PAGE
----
The U.S. Court of Appeals for the Fifth Circuit has denied a petition for rehearing filed by the City of Morgan City, LA, contesting the ability of the Rural Utilities Service (RUS), formerly the Rural Electrification Administration (REA), to interfere in the city's condemnation of the service territory of a rural electric cooperative (Case No. 93-4295).
Fortnightly Magazine - May 15 1995
The Maine Public Utilities Commission (PUC) has decided to investigate the need for changes in existing regulations for water rates as a result of "drastically increased" water treatment, filtration, and supply costs. While rejecting calls for immediate changes in rate design, a shift to volumetric interclass cost allocation, and special low-income rate schedules, the PUC decided to open two separate inquiries to determine whether formal rulemakings were required.
Stranded costs are those costs that electric utilities are currently permitted to recover through their rates but whose recovery may be impeded or prevented by the advent of competition in the industry. Estimates of these costs run from the tens to the hundreds of billions of dollars. Should regulators permit utilities to recover stranded costs while they take steps to promote competition in the electric power industry?
The Minnesota Court of Appeals has upheld a Minnesota Public Utilities Commission (PUC) ruling that Minnegasco's appliance sales and service business should be charged for the value of goodwill related to Minnegasco's name, reputation, and image. The court also ruled that the cost of responding to emergency gas leak calls should be shared by the utility and its appliance service businesses (Docket Nos. C5-94-1820 and C7-94-1821).
Retail competition will render a substantial fraction of existing electric utility plant worthless. Some estimates are so large that the question of compensation for these so-called "stranded investments" overshadows debate on the value of retail competition. Advocates of compensation frequently appeal to a "regulatory compact." They claim that this compact justifies compensation for utilities on grounds of fairness. The case for fairness, however, is badly flawed. Moreover, compensation may adversely affect the efficiency of markets in which competition is emerging.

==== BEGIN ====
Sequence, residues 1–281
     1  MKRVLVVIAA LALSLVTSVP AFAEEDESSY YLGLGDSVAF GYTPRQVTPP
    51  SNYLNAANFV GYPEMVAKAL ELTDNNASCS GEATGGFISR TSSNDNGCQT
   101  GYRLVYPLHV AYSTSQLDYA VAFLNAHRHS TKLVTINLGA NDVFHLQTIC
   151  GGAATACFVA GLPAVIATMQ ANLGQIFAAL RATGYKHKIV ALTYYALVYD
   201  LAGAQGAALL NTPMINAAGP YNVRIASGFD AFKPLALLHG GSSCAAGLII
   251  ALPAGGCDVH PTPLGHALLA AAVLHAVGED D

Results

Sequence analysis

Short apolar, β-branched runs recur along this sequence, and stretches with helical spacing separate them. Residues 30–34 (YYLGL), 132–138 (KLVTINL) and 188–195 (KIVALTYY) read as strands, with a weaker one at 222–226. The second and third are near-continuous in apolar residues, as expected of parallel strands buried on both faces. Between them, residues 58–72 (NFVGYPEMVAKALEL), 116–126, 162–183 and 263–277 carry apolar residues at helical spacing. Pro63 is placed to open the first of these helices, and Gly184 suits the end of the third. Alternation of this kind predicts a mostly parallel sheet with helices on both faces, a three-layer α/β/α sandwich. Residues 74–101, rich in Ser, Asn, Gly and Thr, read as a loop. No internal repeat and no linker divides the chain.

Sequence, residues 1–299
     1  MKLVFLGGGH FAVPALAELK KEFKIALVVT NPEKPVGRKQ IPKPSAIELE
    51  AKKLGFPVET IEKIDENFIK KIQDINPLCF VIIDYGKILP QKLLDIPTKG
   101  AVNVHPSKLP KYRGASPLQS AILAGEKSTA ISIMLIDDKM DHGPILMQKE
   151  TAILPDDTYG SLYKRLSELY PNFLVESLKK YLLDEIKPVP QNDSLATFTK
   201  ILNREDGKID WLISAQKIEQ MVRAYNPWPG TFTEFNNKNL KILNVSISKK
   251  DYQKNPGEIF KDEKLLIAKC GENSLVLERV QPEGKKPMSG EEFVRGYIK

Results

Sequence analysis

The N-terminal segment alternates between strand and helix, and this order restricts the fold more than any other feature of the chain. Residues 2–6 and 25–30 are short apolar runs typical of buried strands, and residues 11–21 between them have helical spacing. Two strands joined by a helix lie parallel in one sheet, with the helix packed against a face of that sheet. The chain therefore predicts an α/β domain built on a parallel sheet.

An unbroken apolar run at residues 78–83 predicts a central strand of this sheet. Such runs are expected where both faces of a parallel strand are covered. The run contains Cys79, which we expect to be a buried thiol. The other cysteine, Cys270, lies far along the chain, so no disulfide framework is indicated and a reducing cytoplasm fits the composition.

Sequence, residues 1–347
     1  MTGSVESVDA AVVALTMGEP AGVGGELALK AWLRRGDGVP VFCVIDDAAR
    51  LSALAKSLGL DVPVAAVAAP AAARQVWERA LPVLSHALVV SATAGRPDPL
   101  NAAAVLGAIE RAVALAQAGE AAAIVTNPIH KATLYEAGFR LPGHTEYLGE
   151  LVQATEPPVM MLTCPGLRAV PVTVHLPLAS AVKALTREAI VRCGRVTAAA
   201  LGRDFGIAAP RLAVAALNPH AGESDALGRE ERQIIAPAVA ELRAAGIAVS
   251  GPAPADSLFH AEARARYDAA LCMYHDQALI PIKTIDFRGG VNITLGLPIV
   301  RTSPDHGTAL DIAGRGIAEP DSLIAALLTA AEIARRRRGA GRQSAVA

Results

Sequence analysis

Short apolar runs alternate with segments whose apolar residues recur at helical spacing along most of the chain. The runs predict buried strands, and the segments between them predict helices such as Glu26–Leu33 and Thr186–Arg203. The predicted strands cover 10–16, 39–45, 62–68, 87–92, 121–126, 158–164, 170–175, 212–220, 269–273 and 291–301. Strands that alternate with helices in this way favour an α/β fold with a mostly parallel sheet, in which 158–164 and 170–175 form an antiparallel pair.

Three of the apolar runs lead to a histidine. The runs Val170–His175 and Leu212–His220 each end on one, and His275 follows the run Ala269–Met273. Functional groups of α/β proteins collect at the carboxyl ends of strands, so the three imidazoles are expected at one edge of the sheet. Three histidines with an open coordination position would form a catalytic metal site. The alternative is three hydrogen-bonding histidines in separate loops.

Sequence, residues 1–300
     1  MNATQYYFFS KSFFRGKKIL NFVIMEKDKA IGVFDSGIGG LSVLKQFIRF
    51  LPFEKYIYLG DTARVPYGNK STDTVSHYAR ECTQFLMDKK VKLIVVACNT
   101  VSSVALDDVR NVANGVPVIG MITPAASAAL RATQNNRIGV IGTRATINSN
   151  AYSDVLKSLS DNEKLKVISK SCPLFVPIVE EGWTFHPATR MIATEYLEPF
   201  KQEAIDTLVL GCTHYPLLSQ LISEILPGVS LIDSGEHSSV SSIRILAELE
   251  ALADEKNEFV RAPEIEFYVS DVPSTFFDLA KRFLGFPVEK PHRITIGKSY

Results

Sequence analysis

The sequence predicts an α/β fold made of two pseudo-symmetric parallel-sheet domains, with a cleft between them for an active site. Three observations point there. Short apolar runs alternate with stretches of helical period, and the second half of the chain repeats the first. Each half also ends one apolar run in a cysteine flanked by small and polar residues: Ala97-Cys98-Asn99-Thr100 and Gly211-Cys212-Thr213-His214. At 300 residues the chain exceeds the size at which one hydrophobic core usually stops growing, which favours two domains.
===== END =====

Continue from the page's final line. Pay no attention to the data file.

Southern California Edison (SoCalEd) has unveiled a plan to slash its electric rates 25 percent by 2000, in anticipation of increased competition. The goal is a "real" price decrease (that is, adjusted for inflation), which translates into a system average price reduction from the present 10.7 cents per kilowatt-hour to below 10 cents. SoCalEd will consider a broad range of initiatives, most of which will require the approval of the California Public Utilites Commission. Included is an immediate rate freeze for residential and small business customers through 1996.
Electric utilities now face the risk that existing assets, costs, or contract commitments may be "stranded" by increased competition, leaving shareholders rather than customers to bear the costs. Have shareholders already been compensated for this risk?
Some argue that shareholders have automatically been compensated for this risk by an allowed rate of return equal to the cost of equity capital determined in efficient capital markets.1 If so, forcing shareholders to bear stranded costs may seem fair.
The Independent Power Producers of New York, Inc. (IPPNY) has released an initial white paper on restructuring the electric industry in New York State. The paper concludes that electric rates in New York are too high and suggests paramount objectives: 1) all customers should enjoy direct access and choice among electric suppliers, and 2) disaggregation of vertically integrated utilities must occur in such a way that the surviving natural monopolies (em the wires businesses (em remain financially indifferent to customer choice of supply.
The question I am asked most frequently is "Who will emerge as the 'winners' and 'losers' among today's electric utility companies?" The short answer is painfully simple. The winners will offer the best prices (a.k.a., the low-cost producers). The losers will be unable to cut prices to meet the market (a.k.a., the high-cost producers).
Unfortunately, real-world answers rarely come in black and white. The electric utility industry enjoys less pricing flexibility than one might imagine.